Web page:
by Staff Writers
Bristol, UK (SPX) Jul 04, 2012
The influence of aerosols (small particles less than 1 micrometre in diameter) and clouds (liquid droplets 1 - 1000 micrometres diameter) represents one of the largest uncertainties in our understanding of trends in past global climate and predicting future climate change, as recognised by the 2007 report of the Intergovernmental Panel on Climate Change.
One of the most significant 'known unknowns' is how quickly water can condense on the small aerosol particles to grow and become cloud droplets, influencing the albedo (reflectivity) of clouds and cloud lifetime (precipitation).
In a study published in PNAS, Professor Jonathan Reid of the University of Bristol and colleagues show that the rate of cloud droplet growth can be strongly dependent on the composition of the aerosol.
For aerosol particles that have high viscosity (equivalent to saying they behave like treacle or even bitumen), water evaporation and condensation can be very slow, taking many hours.
For particles that are much less viscous (more like olive oil or even water), evaporation and condensation can be very fast: less than 1 second.
Professor Reid said: "Although not providing all the answers, this work helps us better understand the 'known unknowns'. Most importantly, it demonstrates that better understanding the rate at which water condenses on particles in the atmosphere is crucial for understanding clouds."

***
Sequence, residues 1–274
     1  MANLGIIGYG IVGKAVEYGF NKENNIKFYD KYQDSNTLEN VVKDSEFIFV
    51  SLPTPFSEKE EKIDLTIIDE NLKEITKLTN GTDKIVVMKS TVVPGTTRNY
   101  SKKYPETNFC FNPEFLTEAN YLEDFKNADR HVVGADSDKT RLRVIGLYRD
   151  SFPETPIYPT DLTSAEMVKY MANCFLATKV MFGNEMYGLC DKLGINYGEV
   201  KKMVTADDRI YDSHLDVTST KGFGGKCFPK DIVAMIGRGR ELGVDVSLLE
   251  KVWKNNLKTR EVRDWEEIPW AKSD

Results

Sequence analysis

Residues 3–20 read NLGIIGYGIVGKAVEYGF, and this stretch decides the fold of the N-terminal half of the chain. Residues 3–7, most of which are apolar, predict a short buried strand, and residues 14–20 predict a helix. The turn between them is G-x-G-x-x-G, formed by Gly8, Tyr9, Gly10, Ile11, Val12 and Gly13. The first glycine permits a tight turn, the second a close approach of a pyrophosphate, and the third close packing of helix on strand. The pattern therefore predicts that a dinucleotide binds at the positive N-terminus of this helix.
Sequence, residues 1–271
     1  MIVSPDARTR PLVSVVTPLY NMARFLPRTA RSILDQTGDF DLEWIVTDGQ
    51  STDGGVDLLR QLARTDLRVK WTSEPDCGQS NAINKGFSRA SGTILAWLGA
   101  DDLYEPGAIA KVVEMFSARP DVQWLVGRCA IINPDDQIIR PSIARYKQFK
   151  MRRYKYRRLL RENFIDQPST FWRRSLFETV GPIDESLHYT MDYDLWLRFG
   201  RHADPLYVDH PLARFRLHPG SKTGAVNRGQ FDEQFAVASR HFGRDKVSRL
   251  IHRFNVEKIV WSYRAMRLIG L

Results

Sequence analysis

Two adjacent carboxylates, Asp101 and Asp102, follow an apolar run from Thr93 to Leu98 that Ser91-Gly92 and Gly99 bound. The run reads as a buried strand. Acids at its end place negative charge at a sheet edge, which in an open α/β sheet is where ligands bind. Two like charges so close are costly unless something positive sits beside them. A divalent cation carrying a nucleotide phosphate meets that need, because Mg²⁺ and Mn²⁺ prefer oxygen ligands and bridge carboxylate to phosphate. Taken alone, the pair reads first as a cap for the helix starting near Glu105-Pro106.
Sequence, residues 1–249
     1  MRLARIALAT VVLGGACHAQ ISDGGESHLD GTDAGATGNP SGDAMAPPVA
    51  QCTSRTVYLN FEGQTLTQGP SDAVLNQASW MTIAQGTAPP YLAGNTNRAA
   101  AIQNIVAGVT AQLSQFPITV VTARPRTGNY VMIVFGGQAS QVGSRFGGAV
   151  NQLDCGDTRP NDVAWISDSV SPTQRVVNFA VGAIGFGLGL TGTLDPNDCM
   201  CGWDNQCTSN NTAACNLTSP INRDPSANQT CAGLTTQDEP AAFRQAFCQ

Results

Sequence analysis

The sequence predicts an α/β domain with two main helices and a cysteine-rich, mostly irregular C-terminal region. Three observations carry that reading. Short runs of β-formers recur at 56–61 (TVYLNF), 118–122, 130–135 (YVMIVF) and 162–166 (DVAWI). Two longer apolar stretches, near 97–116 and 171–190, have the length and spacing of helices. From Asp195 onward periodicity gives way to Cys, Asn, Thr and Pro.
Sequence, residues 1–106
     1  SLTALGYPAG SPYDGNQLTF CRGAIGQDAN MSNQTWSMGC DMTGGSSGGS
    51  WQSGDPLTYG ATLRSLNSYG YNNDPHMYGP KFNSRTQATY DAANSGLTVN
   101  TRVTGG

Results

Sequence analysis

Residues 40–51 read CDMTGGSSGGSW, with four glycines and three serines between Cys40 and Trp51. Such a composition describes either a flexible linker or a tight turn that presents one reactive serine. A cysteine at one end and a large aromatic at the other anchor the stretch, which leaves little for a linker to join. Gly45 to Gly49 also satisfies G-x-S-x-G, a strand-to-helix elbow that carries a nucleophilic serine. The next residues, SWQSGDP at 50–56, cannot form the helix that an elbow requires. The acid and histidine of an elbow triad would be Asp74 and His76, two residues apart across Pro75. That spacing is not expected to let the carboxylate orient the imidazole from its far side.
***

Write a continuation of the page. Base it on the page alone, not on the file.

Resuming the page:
University of Bristol
Climate Science News - Modeling, Mitigation Adaptation
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Climate change no longer tops US environment worries
Washington (AFP) July 3, 2012
Americans no longer see climate change as the world's number-one environmental issue, according to a public opinion poll released Tuesday amid an ongoing heat wave in much of the United States. Twenty-nine percent cited water and air pollution as the most pressing concern, the Washington Post-Stanford University poll indicated, followed by 18 percent who pointed to climate change - way down ... read more
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